This week marks the 30th anniversary of the premiere of Twin Peaks, an occasion marked by, among other things, a live-tweet by Kyle MacLachlan on Wednesday afternoon of the series pilot (beginning at 4:20 p.m. … nice) and a raft of pieces about what David Lynch and Mark Frost’s wildly ambitious, maddeningly inconsistent, and incomparably odd mash-up of social portraiture, police procedural, unhinged soap opera, swooning romanticism, supernatural horror, Bobby soxer nostalgia, Civil War fetishism, taboo smashing, and unrepentant pro-log propaganda really means—both in terms of its endlessly teeming subplots and subtexts and as a larger cultural phenomenon.
At once an object lesson and cautionary tale in the benefits and perils of letting an eccentric genius run wild on corporate prime time—the series’ two-season run included a lifetime’s worth of behind-the-scenes controversy and in-fighting, to the point that Lynch angrily bailed on the project save for a few key late episodes—Twin Peaks is a relic of a monocultural moment of appointment television and largely analog fan communities. The triumphant 2017 release of Twin Peaks: The Return, besides filling in the blanks of what it would look like if something so weird was being watched and recapped weekly (it was the best summer ever), played provocatively with the show’s mythology and enduring popularity, hinting, in the bleakest, most heartbreaking terms possible, that as much as we want to, we can’t go home again.
As original as Twin Peaks seemed—and was—in 1990, it was the sum total of a series of inspirations, which it in turn seeded into several subsequent generations of film directors and television showrunners—some behind the heaviest hitters of their eras like The X-Files, True Detective, and Hannibal. It’s almost easier to count the shows that don’t have a little bit of Twin Peaks in their creative DNA. Still, in honor of the series’ birthday, it’s worth putting together a syllabus of post–Twin Peaks movies and series that, taken together, suggest the scope and diversity of its seismic influence and impact.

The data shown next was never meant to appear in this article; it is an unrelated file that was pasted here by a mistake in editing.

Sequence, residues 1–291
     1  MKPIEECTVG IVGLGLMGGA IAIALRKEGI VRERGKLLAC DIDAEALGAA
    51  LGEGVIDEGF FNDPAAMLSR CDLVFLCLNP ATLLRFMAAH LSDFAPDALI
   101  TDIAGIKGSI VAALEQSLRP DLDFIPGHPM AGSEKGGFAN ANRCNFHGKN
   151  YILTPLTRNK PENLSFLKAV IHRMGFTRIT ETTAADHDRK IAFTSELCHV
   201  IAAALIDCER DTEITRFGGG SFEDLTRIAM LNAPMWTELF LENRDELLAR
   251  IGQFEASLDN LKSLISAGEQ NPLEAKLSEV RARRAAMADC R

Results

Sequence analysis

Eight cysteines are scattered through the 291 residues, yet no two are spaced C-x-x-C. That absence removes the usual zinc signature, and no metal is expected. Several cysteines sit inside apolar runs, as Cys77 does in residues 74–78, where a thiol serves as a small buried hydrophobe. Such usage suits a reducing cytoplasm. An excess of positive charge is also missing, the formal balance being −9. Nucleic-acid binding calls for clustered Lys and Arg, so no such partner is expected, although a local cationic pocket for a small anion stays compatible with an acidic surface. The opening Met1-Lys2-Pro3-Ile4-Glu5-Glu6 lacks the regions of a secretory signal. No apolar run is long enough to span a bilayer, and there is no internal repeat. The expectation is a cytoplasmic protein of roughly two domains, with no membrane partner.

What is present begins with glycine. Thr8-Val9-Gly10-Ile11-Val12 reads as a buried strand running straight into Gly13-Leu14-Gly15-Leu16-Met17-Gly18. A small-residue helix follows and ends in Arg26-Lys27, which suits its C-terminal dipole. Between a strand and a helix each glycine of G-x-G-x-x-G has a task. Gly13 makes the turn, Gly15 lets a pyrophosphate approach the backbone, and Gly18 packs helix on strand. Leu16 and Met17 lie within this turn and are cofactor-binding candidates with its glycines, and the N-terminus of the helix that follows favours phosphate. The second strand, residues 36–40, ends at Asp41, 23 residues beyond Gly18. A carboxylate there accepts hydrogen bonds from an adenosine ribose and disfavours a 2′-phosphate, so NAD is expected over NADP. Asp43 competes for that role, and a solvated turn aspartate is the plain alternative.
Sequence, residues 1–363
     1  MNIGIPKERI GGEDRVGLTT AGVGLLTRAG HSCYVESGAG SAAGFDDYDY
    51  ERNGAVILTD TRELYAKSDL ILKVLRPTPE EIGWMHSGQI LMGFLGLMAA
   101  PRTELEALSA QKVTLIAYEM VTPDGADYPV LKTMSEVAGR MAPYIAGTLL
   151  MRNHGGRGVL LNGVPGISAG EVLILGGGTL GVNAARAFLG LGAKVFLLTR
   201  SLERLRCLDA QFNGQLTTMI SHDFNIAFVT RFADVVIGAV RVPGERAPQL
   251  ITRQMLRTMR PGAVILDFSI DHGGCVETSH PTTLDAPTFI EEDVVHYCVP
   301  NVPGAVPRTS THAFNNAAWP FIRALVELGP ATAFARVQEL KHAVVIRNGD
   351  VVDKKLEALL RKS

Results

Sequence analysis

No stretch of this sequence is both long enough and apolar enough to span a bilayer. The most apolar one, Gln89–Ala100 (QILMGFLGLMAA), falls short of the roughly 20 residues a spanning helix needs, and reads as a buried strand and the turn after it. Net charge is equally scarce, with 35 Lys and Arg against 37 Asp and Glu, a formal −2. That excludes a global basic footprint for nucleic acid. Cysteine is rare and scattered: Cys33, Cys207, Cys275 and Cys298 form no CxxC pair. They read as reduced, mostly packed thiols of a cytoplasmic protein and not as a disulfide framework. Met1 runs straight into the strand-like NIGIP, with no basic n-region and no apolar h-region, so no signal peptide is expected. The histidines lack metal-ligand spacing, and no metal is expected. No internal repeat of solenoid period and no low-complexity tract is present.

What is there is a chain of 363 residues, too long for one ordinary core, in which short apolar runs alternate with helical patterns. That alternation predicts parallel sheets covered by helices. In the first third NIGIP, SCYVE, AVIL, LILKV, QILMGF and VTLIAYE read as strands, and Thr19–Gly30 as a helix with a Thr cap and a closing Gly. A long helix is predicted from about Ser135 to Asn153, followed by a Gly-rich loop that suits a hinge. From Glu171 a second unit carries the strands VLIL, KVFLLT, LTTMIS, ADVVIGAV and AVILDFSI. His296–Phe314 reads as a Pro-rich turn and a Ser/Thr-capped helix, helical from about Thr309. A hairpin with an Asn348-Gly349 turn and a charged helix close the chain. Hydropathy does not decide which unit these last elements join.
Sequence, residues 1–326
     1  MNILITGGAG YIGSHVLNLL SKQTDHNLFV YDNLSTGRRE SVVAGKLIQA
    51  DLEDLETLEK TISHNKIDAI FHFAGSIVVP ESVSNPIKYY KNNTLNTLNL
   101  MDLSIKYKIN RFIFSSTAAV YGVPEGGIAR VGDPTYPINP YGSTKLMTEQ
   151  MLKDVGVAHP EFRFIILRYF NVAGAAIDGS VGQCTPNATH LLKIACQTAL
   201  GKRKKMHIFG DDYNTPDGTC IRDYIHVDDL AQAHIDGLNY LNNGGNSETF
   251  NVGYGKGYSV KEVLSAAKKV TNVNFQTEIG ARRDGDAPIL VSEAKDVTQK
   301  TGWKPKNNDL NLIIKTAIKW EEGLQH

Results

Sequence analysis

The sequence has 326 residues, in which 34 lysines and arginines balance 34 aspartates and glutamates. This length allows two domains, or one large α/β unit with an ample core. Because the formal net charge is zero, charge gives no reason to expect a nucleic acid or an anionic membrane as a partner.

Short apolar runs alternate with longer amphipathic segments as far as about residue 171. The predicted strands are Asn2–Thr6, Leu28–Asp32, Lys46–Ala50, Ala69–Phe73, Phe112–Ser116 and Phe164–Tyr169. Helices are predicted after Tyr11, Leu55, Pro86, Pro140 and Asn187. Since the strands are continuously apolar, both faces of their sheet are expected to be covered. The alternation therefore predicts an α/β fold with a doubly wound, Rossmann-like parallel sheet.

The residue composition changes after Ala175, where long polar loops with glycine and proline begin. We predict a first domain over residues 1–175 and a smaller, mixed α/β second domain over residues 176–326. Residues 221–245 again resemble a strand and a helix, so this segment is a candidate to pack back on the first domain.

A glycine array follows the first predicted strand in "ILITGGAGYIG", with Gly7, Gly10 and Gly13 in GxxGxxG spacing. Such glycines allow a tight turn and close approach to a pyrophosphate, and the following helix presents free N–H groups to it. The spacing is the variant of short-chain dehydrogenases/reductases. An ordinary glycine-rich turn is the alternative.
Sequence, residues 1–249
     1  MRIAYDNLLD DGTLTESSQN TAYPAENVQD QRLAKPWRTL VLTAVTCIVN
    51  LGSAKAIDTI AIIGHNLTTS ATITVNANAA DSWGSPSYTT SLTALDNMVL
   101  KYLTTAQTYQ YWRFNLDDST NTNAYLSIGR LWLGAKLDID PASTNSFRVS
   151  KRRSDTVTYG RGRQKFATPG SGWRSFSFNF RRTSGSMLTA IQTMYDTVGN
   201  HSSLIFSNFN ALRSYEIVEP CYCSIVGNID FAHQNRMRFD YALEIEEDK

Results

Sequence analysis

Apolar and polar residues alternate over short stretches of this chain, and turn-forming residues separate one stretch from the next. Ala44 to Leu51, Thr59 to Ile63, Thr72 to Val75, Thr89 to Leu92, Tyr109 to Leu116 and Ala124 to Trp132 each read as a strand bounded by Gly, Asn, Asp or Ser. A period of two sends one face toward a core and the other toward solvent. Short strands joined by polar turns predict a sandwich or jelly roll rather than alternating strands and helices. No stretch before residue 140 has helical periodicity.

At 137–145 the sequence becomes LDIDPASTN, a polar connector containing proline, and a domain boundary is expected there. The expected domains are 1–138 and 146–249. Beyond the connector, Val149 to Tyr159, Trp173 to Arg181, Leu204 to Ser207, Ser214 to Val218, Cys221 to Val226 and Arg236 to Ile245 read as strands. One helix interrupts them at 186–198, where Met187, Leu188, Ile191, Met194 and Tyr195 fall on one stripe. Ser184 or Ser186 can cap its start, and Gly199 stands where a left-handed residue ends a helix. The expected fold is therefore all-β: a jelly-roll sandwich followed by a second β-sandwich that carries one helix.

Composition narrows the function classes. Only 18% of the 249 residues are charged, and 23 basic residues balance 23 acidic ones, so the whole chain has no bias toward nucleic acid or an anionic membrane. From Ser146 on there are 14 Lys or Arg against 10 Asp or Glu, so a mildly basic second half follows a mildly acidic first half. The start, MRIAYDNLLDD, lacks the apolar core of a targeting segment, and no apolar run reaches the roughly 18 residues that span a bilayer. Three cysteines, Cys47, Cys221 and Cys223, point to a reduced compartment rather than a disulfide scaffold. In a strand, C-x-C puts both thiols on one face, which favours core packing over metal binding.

Streaming on Netflix
“We pretty much ripped off Twin Peaks,” joked Bates Motel’s producer Carlton Cuse in 2013. “They only did 30 episodes … [we] thought we’d do the 70 that are missing.” If you buy the idea that one of Lynch’s biggest influences was Alfred Hitchcock—from the dream-logic menace of Spellbound to the romantic dread of Vertigo and the shock tactics of Psycho—then Bates Motel’s attempted shotgun marriage of the two master filmmakers is not only logical but a perfectly postmodern proposition. Of all the prequels that proliferated on big and small screens in the 2010s—from Prometheus to Better Call Saul—Bates Motel may have had the highest degree of difficulty, attempting to personify and humanize Mrs. Bates, the structuring absence of the most famous horror movie ever made, and the highest compliment you could pay Vera Farmiga (an actress who is always up for anything) is that she played the pre-pickled version of Norman’s mom with no inhibitions or regrets.
Streaming on Kanopy
Earlier this week, MUBI held a tweet-along screening of Richard Kelly’s wildly polarizing 2006 dystopian satire Southland Tales, which is, depending on whom you ask, either the Showgirls of the 2000s—i.e., a subversive cult classic that’s endured beyond its negative original reception—or a mere juvenile millennial footnote (both camps have a point). But nobody would have cared either way about Southland Tales if it hadn’t followed Kelly’s striking 2001 debut Donnie Darko, a film committed to a Lynchian vision to the point of outright theft; when the camera prowls through the hallways of Jake Gyllenhaal’s high school to rest on a character snorting coke, the callback to Fire Walk With Me is loud and clear. Kelly’s willingness to craft a sci-fi mystery pivoting on a string of non sequiturs—a movie that stops making sense early and often—suggests a Twin Peaks superfan inspired and emboldened by the show’s example.
Available to rent for $3.99 on Amazon Prime